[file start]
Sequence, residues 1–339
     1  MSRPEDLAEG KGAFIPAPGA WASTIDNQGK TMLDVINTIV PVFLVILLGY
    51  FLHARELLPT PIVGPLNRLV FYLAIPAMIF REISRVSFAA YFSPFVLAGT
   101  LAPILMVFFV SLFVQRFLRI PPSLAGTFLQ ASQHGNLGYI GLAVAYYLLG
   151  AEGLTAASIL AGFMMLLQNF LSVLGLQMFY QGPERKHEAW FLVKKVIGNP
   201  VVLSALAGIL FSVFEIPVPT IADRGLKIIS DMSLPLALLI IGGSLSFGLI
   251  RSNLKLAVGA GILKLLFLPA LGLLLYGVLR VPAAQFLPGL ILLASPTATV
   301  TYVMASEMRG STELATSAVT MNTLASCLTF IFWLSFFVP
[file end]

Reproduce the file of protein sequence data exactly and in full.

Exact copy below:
Sequence, residues 1–339
     1  MSRPEDLAEG KGAFIPAPGA WASTIDNQGK TMLDVINTIV PVFLVILLGY
    51  FLHARELLPT PIVGPLNRLV FYLAIPAMIF REISRVSFAA YFSPFVLAGT
   101  LAPILMVFFV SLFVQRFLRI PPSLAGTFLQ ASQHGNLGYI GLAVAYYLLG
   151  AEGLTAASIL AGFMMLLQNF LSVLGLQMFY QGPERKHEAW FLVKKVIGNP
   201  VVLSALAGIL FSVFEIPVPT IADRGLKIIS DMSLPLALLI IGGSLSFGLI
   251  RSNLKLAVGA GILKLLFLPA LGLLLYGVLR VPAAQFLPGL ILLASPTATV
   301  TYVMASEMRG STELATSAVT MNTLASCLTF IFWLSFFVP